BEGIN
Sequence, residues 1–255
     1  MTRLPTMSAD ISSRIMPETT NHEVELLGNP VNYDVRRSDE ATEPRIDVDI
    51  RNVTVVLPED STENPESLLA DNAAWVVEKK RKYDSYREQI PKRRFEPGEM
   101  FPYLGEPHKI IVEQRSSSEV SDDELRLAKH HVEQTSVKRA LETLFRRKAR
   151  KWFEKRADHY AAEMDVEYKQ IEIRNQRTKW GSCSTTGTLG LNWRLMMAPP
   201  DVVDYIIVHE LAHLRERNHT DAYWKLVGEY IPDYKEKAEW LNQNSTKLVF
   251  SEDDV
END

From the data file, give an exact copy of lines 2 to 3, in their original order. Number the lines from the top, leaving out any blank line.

     1  MTRLPTMSAD ISSRIMPETT NHEVELLGNP VNYDVRRSDE ATEPRIDVDI
    51  RNVTVVLPED STENPESLLA DNAAWVVEKK RKYDSYREQI PKRRFEPGEM